Real Estate

Closing date of home sold and closing date of puchased home

  • Last Updated:
  • Feb 17th, 2018 11:11 am
[OP]
Newbie
Jan 30, 2018
26 posts
9 upvotes

Closing date of home sold and closing date of puchased home

I have sold my home. Closing is at the end of April.

I want to put an offer on a home and also make the closing date end of April.

I cannot close on purchase earlier because I need the funds from the sale of my home.

Has anyone been in this situation. Is it okay to have closing dates close to each other or should the closing date on purchased property a few days or weeks after?
Last edited by tekkspekk29 on Feb 12th, 2018 11:26 pm, edited 1 time in total.
12 replies
Deal Addict
Oct 13, 2014
2221 posts
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Just Moved To Somewh…
The date of closing is between your bank and yourself and whether there is available funds, etc.

I have always closed the date on a purchase about 1 week before the close on my sale. This allowed me a week to do the move and cleanup on each of the properties. In my case the bank would advance the funds required to close on the new which I believe was called Interim Financing.

As for closing on the purchase of the new after the sale of the old it would be entirely up to you, however you would have to then arrange for storage of your household effects or the cost of keeping your effects in the moving van for that time period.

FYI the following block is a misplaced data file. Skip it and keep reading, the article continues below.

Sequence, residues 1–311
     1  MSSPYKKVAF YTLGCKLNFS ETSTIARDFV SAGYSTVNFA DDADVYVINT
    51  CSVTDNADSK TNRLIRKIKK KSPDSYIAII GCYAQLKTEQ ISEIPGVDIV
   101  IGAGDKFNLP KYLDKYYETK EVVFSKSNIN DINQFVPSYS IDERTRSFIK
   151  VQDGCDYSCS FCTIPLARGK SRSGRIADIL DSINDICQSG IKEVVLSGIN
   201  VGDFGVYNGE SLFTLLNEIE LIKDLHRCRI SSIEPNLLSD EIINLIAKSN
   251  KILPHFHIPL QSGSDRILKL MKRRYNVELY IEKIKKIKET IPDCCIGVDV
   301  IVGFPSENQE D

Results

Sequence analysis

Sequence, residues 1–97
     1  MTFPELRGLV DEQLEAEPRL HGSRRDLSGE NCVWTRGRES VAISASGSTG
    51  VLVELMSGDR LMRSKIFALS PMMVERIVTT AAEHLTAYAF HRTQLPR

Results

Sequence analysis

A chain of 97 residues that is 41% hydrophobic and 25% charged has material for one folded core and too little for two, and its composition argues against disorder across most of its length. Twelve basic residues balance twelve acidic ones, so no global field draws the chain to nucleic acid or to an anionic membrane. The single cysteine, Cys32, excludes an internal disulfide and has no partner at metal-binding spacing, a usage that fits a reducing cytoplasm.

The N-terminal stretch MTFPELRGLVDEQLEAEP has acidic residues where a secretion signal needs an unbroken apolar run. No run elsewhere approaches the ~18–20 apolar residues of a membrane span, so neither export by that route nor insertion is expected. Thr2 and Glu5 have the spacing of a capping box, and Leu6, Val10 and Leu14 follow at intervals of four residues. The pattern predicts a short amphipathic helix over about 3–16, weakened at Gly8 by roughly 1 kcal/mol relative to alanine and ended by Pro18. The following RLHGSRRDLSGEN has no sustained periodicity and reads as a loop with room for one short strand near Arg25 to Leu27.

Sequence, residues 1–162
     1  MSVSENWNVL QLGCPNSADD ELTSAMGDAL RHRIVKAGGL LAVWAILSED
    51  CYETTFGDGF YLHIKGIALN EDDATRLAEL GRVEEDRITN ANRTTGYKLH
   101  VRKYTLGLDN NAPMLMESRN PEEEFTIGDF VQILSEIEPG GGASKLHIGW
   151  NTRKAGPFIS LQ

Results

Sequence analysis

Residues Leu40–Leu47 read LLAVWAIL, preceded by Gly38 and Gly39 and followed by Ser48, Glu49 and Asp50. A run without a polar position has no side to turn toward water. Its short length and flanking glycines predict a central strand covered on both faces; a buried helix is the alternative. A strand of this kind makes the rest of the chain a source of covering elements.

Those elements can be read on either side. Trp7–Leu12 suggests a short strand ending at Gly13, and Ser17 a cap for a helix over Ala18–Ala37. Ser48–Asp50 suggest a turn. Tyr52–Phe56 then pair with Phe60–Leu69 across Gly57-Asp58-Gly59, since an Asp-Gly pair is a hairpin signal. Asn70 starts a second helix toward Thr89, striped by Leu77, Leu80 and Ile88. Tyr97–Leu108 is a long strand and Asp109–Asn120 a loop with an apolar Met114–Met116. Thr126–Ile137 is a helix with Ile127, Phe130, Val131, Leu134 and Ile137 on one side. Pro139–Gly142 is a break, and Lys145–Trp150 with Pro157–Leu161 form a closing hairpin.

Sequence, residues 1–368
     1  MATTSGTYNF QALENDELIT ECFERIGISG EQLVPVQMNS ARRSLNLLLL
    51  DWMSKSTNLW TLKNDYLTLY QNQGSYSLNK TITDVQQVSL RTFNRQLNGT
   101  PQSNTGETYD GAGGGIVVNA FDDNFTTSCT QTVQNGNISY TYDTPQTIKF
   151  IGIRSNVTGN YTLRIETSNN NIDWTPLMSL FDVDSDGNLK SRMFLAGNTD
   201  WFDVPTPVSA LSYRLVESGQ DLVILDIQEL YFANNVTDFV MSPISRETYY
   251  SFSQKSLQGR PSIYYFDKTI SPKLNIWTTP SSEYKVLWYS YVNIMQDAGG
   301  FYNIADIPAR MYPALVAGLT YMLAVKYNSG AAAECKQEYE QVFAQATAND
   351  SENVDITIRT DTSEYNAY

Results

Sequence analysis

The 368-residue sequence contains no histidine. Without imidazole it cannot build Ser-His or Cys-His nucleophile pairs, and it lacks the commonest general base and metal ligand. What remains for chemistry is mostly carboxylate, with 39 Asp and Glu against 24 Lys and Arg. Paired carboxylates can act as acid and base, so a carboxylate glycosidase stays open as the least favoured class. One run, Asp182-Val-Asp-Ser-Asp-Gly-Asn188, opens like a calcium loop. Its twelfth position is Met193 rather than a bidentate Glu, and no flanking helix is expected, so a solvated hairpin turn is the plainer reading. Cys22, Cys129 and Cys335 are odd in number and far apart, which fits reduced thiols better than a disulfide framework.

“Don’t irritate old people. The older they get, the less “Life in prison” is a deterrent."
Member
Aug 5, 2010
396 posts
143 upvotes
Talk to your bank about "bridge financing" - pretty common to cover the week or so where you own both homes. Used it years ago and was reasonable, allowing us to get in and paint the new house while slowly moving out of the old.
Deal Addict
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Oct 24, 2016
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ON
I had my sale and purchase close on the same day. Although everything went smoothly without any issues, I wouldn’t advise anyone to do this because as the D day approaches you start getting stressed out thinking, what if....? Better to get bridge financing and have a gap in between.
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Sr. Member
Jun 7, 2017
980 posts
730 upvotes
BC
tekkspekk29 wrote: I have sold my home. Closing is at the end of April.
It’s just tentatively sold until close. Many stories of buyers not closing last summer. I wonder how many cases like OP’s blew up.
Sr. Member
Dec 4, 2004
725 posts
725 upvotes
GTA
Holystone wrote: I had my sale and purchase close on the same day. Although everything went smoothly without any issues, I wouldn’t advise anyone to do this because as the D day approaches you start getting stressed out thinking, what if....? Better to get bridge financing and have a gap in between.
I have also done the same day closing and it is definitely more stressful with many more ways things can go wrong. Remember that there is no guarantee that your lawyer can deliver keys to you on the closing day. Best to leave a couple of days in between closing dates, and not over a weekend.
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Feb 2, 2014
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Toronto
tekkspekk29 wrote: I have sold my home. Closing is at the end of April.

I want to put an offer on a home and also make the closing date end of April.

I cannot close on purchase earlier because I need the funds from the sale of my home.

Has anyone been in this situation. Is it okay to have closing dates close to each other or should the closing date on purchased property a few days or weeks after?